I’ve heard a movie is in the works for this piece of Gothic Australian revenge fiction by Rosalie Ham that I read a while back. Looking back on it, I’m not surprised this has been chosen for a film adaptation. The plot lends itself to the medium well.
Set in 1950s rural Australia in a town called Dungatar, The Dressmaker is about a daughter, Myrtle “Tilly” Dunnage, who was run out of town after being falsely accused of a grave crime when she was just a child and has only returned to take care of her sick and mentally unstable mother. An expert seamstress trained in Paris, the haute couture Myrtle creates soon becomes the talk of the town in spite of her suspicious status to most folk. When the locals begin to flock to her for their fashions to take advantage of her dressmaking abilities, old rivalries begin to resurface and Myrtle is able to take her revenge and leave.
The quirky and hypocritical characters with particular idiosyncrasies populating the town are the highlight of the book but do at times seem a bit eccentric and over-the-top. The driving force in this novel however is definitely the plot. While The Dressmaker is an enjoyable and fast-paced read, it is no literary behemoth.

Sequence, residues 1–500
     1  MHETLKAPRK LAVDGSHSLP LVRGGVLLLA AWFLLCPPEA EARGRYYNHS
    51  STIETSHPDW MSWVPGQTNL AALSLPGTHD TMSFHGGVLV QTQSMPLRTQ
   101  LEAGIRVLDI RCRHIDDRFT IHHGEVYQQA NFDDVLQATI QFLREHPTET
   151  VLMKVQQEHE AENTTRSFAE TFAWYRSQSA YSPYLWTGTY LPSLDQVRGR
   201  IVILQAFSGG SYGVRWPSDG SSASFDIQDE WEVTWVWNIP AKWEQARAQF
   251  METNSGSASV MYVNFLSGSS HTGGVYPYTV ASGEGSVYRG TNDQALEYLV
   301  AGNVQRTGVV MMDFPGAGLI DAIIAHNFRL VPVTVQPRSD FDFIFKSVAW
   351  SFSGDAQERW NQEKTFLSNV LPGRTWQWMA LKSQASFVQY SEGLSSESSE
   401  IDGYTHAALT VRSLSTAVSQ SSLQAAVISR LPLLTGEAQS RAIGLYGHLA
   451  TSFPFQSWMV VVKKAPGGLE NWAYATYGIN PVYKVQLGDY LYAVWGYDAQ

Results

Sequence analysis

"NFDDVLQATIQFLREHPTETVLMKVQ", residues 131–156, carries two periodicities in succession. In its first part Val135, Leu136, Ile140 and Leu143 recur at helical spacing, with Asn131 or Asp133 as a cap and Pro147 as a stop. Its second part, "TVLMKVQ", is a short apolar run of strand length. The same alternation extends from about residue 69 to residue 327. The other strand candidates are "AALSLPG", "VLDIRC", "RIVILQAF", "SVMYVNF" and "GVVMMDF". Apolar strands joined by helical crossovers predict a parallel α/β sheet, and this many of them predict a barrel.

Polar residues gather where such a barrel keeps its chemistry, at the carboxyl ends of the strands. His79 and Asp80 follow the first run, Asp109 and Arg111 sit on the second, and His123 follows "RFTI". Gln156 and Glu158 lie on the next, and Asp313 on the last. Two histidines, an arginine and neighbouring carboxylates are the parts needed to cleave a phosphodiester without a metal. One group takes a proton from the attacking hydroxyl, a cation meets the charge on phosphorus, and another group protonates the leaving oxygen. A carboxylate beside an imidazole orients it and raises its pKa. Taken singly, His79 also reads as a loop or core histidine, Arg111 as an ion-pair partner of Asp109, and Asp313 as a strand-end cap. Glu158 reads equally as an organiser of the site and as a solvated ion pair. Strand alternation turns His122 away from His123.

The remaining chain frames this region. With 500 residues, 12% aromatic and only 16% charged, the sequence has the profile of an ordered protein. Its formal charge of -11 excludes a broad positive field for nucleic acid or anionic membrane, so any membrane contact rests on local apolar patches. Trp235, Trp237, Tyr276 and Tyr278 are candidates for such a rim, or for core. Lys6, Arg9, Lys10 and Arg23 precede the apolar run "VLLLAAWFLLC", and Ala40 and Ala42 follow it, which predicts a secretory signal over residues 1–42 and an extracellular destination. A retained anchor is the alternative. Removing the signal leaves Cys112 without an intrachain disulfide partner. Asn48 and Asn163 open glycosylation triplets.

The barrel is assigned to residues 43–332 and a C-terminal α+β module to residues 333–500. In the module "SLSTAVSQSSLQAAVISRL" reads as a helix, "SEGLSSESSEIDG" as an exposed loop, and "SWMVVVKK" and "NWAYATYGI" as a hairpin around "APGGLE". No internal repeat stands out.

Dancing on Knives is the third book by Kate Forsyth I have read and it surprised me because I am used to her fairytale retellings and this deviated from my preconceptions as it was essentially a murder mystery. I didn’t understand Sara’s predicament until I realised that she literally had not left her home in five years because she is a sensitive soul. We learn when she was a child that she was subject to so much torment and bullying to the point that she left school and refused to go back. Her way of enduring the predictability of her life is reading romance novels and seeking solace by reading the tarot cards left to her by her beloved grandmother, Consuela, who used to tell her dark fairy tales that inspired her to paint until her volatile and womanising father Augusto Sanchez, a brilliant artist, undermined her efforts. Her siblings regard her fairly useless as she is in fear of most things which subject her to panic attacks and nightmares.